Across the Pond – JigJam

Ireland’s JigJam effectively crosses that narrow divide that separates Celtic music from bluegrass basics, doing so in a way that successfully melds the two genres while also making it difficult to discern where one sends and the other begins. Their new album, appropriately titled Across the Pond, makes that conclusion all too clear, courtesy of an instrumental array that finds common ground through a strikingly dual delivery. 

The band — which consists of Jamie McKeogh on lead vocals and guitar, Daithu Melia on five string banjo, Gavin Arappe playing mandolin and tenor banjo, and Kevin Buckley on fiddle — demonstrate that dexterity in live performance, where their rousing revelry and playful antics encourage audiences to embrace their wholly celebratory set-up. That was evidenced recently, courtesy of the soaring set they shared at the Dance Tent during the recent 2024 MerleFest. 

Happily then, that same energy and exuberance shines through on the current album as well, aided to some degree by special guests Geoffrey Saunders and Daniel Kinbrough on bass, Becky Buller, Dan Lowery, Monte Moore, and Cathal Guinana on backing vocals, and Billy Tomber who plays the role of the radio deejay during the introduction to the stirring John D. McGurk’s (The Heartbeat of St. Louis).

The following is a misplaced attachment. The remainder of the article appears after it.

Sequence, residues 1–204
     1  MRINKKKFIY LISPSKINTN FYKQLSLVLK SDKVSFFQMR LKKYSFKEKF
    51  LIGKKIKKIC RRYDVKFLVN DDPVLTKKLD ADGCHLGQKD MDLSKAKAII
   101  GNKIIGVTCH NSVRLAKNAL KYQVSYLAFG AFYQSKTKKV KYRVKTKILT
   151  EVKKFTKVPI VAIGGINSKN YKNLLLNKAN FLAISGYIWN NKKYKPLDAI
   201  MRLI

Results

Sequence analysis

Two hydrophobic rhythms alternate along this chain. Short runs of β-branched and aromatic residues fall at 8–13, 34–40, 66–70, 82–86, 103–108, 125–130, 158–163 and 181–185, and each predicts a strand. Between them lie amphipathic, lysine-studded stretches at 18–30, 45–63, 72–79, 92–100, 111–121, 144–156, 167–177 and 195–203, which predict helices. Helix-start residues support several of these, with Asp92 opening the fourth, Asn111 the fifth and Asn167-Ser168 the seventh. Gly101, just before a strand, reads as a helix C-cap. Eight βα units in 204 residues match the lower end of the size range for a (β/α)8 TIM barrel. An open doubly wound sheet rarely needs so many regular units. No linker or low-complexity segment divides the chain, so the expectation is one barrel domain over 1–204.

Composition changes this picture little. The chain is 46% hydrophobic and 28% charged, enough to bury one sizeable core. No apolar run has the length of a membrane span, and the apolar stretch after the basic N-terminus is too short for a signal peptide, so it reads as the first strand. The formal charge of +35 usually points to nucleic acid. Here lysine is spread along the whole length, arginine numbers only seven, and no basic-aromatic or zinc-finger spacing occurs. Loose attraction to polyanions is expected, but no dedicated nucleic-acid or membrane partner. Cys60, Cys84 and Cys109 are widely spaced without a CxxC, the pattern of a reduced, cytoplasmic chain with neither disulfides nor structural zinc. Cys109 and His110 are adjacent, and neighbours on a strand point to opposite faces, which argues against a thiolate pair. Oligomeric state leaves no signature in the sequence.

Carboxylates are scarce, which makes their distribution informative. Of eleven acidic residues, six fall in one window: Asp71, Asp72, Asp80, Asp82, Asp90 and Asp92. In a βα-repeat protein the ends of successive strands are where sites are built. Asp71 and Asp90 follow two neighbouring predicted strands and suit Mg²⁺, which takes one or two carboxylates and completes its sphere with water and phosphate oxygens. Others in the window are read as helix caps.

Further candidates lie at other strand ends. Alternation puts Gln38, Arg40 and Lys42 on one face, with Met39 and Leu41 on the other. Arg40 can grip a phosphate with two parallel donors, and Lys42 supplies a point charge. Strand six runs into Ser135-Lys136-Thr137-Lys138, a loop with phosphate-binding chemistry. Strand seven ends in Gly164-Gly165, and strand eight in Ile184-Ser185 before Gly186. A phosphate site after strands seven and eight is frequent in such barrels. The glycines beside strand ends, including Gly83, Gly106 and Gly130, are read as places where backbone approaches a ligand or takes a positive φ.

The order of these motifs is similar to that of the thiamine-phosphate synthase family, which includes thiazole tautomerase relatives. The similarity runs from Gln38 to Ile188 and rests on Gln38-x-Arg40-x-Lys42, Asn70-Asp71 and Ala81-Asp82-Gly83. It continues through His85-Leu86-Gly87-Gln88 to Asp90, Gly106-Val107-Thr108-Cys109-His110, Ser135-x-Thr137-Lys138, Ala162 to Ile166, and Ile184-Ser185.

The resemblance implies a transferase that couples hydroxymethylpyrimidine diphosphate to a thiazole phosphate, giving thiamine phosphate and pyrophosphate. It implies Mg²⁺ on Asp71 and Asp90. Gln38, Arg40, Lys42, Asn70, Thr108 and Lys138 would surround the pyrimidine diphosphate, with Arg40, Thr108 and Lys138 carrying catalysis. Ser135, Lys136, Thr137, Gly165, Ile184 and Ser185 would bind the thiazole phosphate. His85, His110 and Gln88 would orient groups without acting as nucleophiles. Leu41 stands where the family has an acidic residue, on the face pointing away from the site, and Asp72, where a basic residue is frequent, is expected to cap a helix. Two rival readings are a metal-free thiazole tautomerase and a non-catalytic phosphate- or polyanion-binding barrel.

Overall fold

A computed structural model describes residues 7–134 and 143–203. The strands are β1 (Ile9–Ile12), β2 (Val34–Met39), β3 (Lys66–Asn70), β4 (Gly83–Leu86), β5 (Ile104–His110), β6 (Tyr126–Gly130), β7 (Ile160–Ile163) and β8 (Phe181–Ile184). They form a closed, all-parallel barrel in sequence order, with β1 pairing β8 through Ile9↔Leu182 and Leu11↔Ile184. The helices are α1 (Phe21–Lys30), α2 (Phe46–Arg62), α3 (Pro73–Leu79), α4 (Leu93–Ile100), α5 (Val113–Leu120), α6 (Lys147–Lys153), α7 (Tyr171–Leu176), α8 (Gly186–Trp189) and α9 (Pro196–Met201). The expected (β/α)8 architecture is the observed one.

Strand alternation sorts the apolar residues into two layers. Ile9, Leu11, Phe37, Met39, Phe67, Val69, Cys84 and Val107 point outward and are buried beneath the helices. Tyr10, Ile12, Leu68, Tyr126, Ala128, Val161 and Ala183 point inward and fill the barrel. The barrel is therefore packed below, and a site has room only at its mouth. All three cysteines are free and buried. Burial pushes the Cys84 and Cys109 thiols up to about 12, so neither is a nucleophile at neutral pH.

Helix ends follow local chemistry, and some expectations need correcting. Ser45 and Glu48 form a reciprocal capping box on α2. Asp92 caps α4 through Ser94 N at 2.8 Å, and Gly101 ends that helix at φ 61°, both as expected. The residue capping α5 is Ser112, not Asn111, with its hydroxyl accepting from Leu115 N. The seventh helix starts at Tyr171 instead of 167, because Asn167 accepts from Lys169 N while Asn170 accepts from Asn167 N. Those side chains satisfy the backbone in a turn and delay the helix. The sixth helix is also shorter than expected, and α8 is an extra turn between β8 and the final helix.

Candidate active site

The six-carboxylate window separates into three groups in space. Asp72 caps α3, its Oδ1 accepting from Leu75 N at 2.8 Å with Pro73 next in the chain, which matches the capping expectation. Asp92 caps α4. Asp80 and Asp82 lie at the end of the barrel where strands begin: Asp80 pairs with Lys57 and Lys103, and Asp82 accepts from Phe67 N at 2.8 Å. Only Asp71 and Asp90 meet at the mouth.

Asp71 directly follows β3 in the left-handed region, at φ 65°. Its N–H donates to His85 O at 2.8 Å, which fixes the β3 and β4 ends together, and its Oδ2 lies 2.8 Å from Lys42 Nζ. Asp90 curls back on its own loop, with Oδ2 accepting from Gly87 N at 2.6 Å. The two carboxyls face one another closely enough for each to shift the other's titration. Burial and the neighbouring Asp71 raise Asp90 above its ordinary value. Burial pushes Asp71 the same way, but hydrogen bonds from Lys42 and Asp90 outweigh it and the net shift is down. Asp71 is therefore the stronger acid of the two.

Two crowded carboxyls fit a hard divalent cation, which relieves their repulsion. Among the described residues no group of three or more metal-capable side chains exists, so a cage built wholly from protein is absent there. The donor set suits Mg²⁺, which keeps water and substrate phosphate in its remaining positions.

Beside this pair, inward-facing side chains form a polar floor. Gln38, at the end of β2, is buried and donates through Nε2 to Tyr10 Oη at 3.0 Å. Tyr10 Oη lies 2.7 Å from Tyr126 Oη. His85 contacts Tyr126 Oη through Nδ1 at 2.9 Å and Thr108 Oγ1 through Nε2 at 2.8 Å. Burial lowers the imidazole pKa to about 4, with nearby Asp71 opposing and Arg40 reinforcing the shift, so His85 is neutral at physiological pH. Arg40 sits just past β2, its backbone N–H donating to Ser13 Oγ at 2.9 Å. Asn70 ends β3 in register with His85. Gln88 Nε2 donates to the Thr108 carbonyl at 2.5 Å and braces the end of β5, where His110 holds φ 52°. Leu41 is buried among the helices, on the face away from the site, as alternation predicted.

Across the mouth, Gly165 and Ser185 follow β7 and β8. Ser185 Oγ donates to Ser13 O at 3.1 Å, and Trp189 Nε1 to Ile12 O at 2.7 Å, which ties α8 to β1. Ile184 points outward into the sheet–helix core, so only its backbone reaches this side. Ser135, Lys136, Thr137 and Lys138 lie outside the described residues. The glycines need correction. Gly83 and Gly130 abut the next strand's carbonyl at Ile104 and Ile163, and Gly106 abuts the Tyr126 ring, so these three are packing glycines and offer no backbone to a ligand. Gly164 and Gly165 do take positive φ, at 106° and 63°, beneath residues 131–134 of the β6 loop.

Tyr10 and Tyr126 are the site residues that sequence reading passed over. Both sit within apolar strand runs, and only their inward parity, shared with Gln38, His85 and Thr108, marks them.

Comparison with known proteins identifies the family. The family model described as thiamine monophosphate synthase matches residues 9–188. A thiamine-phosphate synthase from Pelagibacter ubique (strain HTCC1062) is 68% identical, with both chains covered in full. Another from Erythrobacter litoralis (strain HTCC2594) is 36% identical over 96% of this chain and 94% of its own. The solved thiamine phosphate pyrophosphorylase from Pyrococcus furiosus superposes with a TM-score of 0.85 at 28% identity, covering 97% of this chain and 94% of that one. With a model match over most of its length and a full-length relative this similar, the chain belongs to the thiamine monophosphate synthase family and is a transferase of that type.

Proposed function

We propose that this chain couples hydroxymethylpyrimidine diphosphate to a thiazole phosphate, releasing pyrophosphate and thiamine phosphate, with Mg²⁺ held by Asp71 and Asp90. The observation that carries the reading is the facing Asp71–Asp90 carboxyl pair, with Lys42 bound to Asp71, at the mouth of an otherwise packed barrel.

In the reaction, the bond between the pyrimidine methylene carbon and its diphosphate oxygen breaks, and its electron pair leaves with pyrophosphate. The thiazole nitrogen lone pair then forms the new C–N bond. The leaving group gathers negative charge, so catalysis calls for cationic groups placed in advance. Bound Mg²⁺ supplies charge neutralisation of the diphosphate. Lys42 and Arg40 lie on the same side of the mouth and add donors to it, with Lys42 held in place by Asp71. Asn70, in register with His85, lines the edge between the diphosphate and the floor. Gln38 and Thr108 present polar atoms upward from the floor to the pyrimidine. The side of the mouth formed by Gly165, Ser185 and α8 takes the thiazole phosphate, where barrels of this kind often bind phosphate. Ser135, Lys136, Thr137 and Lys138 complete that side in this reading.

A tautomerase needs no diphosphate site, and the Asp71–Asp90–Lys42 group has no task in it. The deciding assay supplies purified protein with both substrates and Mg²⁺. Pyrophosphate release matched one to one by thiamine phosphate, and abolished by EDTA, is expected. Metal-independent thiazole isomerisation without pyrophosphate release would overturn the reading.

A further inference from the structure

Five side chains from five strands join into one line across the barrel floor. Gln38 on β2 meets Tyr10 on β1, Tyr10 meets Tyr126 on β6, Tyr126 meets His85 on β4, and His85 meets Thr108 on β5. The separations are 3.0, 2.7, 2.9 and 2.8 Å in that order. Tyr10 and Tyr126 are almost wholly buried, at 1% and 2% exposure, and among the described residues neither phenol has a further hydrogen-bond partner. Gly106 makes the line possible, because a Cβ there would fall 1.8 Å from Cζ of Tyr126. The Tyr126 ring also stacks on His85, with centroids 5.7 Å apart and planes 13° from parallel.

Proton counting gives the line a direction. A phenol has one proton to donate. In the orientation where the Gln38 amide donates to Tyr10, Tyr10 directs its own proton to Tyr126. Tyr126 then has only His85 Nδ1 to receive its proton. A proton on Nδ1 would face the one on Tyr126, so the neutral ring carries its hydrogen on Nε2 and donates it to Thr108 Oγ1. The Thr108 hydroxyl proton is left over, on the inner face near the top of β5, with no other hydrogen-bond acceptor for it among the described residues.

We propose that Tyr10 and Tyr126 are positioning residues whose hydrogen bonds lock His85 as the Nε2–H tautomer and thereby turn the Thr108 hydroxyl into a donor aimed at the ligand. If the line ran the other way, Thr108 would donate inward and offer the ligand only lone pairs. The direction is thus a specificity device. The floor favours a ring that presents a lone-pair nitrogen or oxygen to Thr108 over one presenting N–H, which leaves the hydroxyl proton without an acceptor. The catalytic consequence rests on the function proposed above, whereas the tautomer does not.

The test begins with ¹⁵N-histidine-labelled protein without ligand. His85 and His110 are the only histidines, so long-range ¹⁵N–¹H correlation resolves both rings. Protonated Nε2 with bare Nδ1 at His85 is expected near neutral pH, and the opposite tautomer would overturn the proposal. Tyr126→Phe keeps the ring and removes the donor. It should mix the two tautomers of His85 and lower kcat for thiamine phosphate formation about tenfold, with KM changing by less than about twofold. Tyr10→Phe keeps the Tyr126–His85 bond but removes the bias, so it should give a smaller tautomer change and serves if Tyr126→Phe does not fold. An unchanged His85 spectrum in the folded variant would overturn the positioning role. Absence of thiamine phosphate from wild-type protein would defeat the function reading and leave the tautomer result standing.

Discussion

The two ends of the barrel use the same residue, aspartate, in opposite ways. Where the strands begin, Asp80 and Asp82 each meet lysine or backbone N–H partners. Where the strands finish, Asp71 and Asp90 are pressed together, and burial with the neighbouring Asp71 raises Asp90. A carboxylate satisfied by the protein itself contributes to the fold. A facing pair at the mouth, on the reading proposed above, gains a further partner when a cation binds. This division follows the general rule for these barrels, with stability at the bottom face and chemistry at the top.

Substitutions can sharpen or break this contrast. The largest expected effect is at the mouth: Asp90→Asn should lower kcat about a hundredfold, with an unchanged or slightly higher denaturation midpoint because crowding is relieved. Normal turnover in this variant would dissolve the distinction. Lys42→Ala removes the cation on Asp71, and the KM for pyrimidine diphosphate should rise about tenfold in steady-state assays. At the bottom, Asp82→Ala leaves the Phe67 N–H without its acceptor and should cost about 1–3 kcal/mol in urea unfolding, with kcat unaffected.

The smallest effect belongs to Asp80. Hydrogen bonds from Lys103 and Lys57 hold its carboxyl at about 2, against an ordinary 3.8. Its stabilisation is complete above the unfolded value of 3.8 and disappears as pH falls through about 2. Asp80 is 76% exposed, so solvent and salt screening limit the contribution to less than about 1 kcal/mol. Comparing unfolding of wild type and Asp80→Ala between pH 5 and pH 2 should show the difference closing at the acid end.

That expressive approach is immediately evident as well on the album’s three upbeat instrumentals — the exceedingly jaunty The Appalachian Irishman, the Celtic-construct of Bouli Bouli, and the equally infectious Cluck Ole Twig, a play on the Appalachian favorite, Cluck Old Hen. That said, there’s no shortage of other surefire stand-outs — among them, the exceedingly demonstrative, banjo-driven offering, This Heart of Mine, a New Grass Revival classic, and an effortlessly engaging take on the familiar standard, Good Ole Mountain Dew.

To JigJam’s credit, the band is equally adept when it comes to sharing slower songs as well. McKeeogh’s solo composition, Time To Go Home, is particularly affecting, as is the longing lament titled, Across the Pond. Likewise, the billowy ballad, City of Chicago, featuring Buller on vocals and written by Barry Moore (AKA Luka Bloom), resonates within the confines of a more traditional tapestry. 

Ultimately then, JigJam demonstrates a verve and versatility that allows them to transcend any singular style and simply create a sound that doesn’t defer to any preconceived parameters. In that regard they are fully capable of conveying any number of truly tuneful treats. 

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About the Author

Lee Zimmerman

Lee Zimmerman has been a writer and reviewer for the better part of the past 20 years. He writes for the following publications — No Depression, Goldmine, Country Standard TIme, Paste, Relix, Lincoln Center Spotlight, Fader, and Glide. A lifelong music obsessive and avid collector, he firmly believes that music provides the soundtrack for our lives and his reverence for the artists, performers and creative mind that go into creating their craft spurs his inspiration and motivation for every word hie writes.